Peru’s Shining Path guerrilla leader dies at 86

Abimael Guzmán

The leader and founder of Peru’s Shining Path rebel group, Abimael Guzmán, has died at the age of 86.

A former philosophy professor, he had been serving a life sentence for terrorism and treason since 1992.

In July he suffered health problems and was transferred from a maximum security prison to a hospital.

Almost 70,000 people died or disappeared in more than a decade of conflict between the Maoist guerrilla group and the Peruvian state.

Guzmán’s arrest hit the group hard, but a few of its members are still active in the coca-producing region.

Abimael Guzmán was born on Peru’s southern coast near the town of Mollendo in December 1934 to a wealthy merchant who raised him after Guzmán’s mother died.

The future rebel leader had a privileged upbringing. He attended a private Catholic secondary school and later the university in Arequipa, where one of his dissertations was on German philosopher Immanuel Kant.

While at university he became interested in Marxism. By 1962 he had earned a place as professor of philosophy at San Cristóbal of Huamanga National University in the central city of Ayacucho.

During a trip to China in 1965 Guzmán was inspired by Communist leader Mao Zedong and upon his return to Peru he encouraged like-minded academics to join him at the university in Ayacucho.

In 1969, he and 11 others founded the Shining Path – Sendero Luminoso in Spanish. The name was chosen as a nod to Peruvian communist José Carlos Mariátegui who said that “Marxism-Leninism is the shining path of the future”.

line Inspired by Maoism, the guerrilla group tried to lead a “people’s war” to overthrow Peru’s “bourgeois democracy” and establish a communist state.

An offshoot of the Communist Party of Peru, the group did not engage in armed struggle at first. But that soon changed.

The atrocities committed by the military in its fight against the rebels drove some people, especially in rural areas, to side with the Shining Path.

The insurgency effectively came to an end in September 1992, when Peruvian intelligence finally captured Guzmán above a dance studio in Lima.

The authorities had long suspected rebels were hiding in apartments in the capital and became suspicious of one owned by ballerina Maritza Garrido Lecca.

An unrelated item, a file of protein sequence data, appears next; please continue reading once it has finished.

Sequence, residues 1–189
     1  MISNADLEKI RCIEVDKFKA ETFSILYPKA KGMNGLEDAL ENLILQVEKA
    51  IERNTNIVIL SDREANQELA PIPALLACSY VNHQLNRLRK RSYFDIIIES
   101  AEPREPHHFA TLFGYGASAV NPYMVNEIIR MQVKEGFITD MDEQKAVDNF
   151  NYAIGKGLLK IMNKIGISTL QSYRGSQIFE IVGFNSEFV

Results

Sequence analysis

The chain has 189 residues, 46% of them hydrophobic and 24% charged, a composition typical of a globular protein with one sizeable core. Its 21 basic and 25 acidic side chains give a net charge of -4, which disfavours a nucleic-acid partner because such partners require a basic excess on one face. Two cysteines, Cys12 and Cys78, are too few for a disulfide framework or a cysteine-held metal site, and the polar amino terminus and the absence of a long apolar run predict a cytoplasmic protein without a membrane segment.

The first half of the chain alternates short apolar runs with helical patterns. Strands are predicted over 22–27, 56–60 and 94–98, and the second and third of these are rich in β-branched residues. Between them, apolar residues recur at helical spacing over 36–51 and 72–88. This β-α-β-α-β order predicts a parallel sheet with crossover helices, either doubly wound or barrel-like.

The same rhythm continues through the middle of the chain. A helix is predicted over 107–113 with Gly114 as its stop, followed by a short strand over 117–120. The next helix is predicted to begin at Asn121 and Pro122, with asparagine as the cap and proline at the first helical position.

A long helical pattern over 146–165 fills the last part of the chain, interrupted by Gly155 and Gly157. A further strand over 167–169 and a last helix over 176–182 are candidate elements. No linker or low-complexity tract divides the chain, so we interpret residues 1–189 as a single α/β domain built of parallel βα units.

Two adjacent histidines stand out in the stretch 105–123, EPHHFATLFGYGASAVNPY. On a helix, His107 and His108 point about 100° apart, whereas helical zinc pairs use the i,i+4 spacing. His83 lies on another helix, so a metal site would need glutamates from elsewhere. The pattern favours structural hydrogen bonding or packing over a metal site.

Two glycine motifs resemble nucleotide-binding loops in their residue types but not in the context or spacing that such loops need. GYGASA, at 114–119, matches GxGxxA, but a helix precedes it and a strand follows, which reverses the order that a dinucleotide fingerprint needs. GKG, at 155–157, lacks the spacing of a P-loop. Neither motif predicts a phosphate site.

Although she claimed to live alone, the apartment generated far too much rubbish for just one person.

When the agents searched through it, they found medicine to treat psoriasis – a skin condition Guzmán was known to suffer from.

Officers arrested Guzmán inside, along with his second wife, Elena Iparraguirre, and a number of other revolutionaries. He was reportedly watching the boxing on television when he was arrested. He was sent to be held at an offshore naval base on San Lorenzo island.

In October 1993, the Maoist rebel appeared on television and publicly called on his followers to “fight for peace”. Following his statement, about 6,000 members of the Shining Path surrendered under a government amnesty programme.

A number of senior members of the Shining Path have been captured since Guzmán’s arrest and the group has been largely dismantled. Only small remnants remain active in the Andes regions where they engage mainly in drug-trafficking.

Guzmán underwent another, longer trial in 2004, after President Fujimori’s authoritarian measures were repealed. Restrictions on the media were tight, preventing reporters from following the proceedings.

He was convicted of aggravated terrorism and murder in October 2006, and again received a life sentence.

Guzmán spent his remaining years in solitary confinement at a naval prison in El Callao, west of Lima. He was allowed to marry his fellow Shining Path guerrilla Elena Iparraguirre behind bars in 2010.